THE first article in this month's Nineteenth Century is by Mr. C. 0. G. Dottie, and is entitled " Memories of 1914- 1918 : I. The Soldier." He writes of the citizen armies of August and September, 1914: " The fearless, the disinterested, the eager " . . . Of chivalry in the sense understood by romantic mediaevalists there was none except perhaps in the clean warfare of the air. But there was respect for an enemy whose bravery, tenacity and devotion to his country were not in doubt." Genuine ferocity, he continues, was " achieved by non-combatants." Mr. Joshua Lea writes of " Lloyd's," tracing the history of the great corporation from the days of Edward Lloyd's Coffee House in Tower Street, mentioned in the London Gazette of 1688. The story of the wreck of the Lutine ' with her freight of specie, a century and a quarter ago, is here set forth, together with the recovery sixty years after of her treasure and her bell. Still " the Lutine ' bell at Lloyd's tolls the loss of a vessel at the other end of the world and a ' waiter' ascends the rostrum to announce the misfortune to the assembly in ' the room. " " The Alleged Dullness of Writers on Education ". is wittily commented on by Sir Michael Sadler. He deals with educationists great and small, from Dr. Arnold to the anonymous author of " The Moral Budget of my Aunt."
The .Contemporary gives us a. character study of " Haig " by Sir John Davidson which cannot fail to interest both soldiers and civilians. All sorts of personal touches give colour to the sketch. " He never had a nickname, and never encouraged nor inspired. familiarity " ; an " atmosphere of aloofness " obscured his " soft-hearted disposition," just as his hesitancy in speech obscured his " long vision in great matters:" It was " Lord Haig himself who suggested that he should be placed under the orders of Foch." Mr. George Barnes in "Security, Disarmament and—America " urges that for the future we and
America " should together patrol the seas in the-interests of peace." Mr. George Young, in " Anglo-American Command of the Seas," pleads in much the same sense. Mr. A. J. Mercer writes charmingly of " The Beguinages of Belgium." Such institutions, " combining the simple pleasures of life, its human with its religious side," might be welcomed here, where the number of lone women becomes more and more disquieting.
Count Hermann Keyserling contributes. an arresting article to the Fortnightly Review upon " A New Dark Age." ," To-day, as at the beginning of the Middle Ages, the pew generation is completely indifferent to the ideals and aims of its fathers," he boldly asserts. His conclusions are not pessi- mistic ; gestation, he argues, must go on in the dark. A new and higher civilization is about to be born. " Augur " discusses a rapprochement between " France and Germany," giving it as his opinion that " the wooing comes principally 'froth the German side." He wants to see a Franco-German- ?olish economic partnership. The only people who may well dread such a combination are, he thinks, the Soviet Tsars. In " Thomas Hardy : Some Personal Recollections we find a few anecdotes of the great novelist by a devout admirer, Mr. S. M. Ellis. Mr. Stephen Gwynn in his " Ebt and Flow " writes a criticism of Hardy of greater interest. Mr. Edgar Holt, in " A Dramatist's Jubilee—Arthur Pinero," reminds the middle-aged of past dramatic delights and brings forward many good reasons why Pinero's best plays will never die.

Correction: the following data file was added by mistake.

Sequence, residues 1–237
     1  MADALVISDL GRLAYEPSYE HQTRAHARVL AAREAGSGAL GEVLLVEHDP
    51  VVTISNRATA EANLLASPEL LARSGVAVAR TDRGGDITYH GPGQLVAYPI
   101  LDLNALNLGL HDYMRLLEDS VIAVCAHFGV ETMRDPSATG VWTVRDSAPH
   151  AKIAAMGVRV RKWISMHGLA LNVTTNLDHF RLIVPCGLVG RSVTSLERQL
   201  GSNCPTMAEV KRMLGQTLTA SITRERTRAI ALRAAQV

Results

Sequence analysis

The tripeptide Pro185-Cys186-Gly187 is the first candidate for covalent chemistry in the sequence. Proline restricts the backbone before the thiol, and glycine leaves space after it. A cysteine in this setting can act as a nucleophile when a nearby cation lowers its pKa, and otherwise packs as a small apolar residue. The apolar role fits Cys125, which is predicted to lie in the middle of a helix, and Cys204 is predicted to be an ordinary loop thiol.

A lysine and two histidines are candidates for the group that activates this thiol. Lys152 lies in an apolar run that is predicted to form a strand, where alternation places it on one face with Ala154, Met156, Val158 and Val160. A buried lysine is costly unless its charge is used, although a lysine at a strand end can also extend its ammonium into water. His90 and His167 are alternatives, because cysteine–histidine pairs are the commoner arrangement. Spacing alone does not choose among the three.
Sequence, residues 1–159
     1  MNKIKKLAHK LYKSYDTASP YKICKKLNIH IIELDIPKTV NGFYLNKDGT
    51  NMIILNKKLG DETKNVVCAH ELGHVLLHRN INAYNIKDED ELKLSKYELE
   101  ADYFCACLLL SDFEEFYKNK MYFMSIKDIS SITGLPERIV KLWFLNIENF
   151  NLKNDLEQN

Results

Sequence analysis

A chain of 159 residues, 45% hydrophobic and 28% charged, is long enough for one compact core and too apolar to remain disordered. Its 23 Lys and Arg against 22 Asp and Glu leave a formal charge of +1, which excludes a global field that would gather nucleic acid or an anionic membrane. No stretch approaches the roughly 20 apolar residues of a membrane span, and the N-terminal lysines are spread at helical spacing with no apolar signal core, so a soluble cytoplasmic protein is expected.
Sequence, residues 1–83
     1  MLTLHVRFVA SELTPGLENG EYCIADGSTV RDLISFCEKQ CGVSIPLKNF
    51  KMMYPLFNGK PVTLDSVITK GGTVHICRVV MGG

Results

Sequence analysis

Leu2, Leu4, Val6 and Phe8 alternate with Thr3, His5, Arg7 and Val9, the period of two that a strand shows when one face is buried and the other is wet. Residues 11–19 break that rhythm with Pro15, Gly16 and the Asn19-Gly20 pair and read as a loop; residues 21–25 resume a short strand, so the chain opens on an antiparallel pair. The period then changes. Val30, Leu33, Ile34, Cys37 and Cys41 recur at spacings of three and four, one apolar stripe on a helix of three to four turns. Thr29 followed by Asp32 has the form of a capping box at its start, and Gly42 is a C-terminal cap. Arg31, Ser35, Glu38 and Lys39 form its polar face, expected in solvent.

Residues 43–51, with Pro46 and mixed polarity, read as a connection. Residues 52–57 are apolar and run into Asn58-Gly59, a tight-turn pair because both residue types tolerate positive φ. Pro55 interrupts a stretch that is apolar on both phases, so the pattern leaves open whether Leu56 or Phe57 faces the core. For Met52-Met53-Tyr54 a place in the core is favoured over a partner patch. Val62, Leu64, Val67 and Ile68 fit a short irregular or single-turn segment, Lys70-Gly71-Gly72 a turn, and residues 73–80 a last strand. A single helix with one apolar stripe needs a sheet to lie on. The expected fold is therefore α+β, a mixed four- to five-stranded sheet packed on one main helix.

The most entertaining papers in the National Review are " The Gospel of Play," by Mrs. Lyttelton Gell, and " The Mind of the Bird," by Mr. T. A. Coward. Mrs. Gell warns and _banters her audience about the new " insensate " love of funusement. She tells of a five-year-old child who, when his mother pleaded her duties on the tennis court in excuse for ter want of time to read to him, exclaimed reproachfully, " What, ball again I " Mr. Coward's bird stories fill us with wonder, and leave an intense but futile desire to solve the nld problem of the connexion between reason and instinct. _ Blackwood contains a delightful paper written in the spring of the year 1788 by one Thomas Ridout. It is called " An Account of my Capture by the Shawanese Indians." The adventures of this English traveller from Philadelphia to Kentucky, and the story of his enforced stay among Indians on the way, are interesting in the extreme. The mixture of kindness and savagery, nobility and childish simplicity, which he found among his red friends is set before us with an honest admiration, tolerance, and humour almost inconceivable in the circumstances. No idea of the charm of the narrative can be given by short quotation. It stands out among the faked adventure stores of the modern Press like a picture by a master hand among oleographs. An unsigned article on " Boswell and his Father " is also well worth reading, as are all the papers in a specially good number of the magazine. ' The World To-day contains a fifth instalment of "The Confessions of a Zeppelin Raider," by Captain Ernst A. Lehmann and Howard Mingos. It deals with " The Historic Flight to Africa "—a flight of 101 tours. " The Mystery of Glozel," by Mr. Norman Evans, is illuminated by pietures of the faked antiquities. The author tells us also of other faked finds and makes a most entertaining paper out of Ma Material.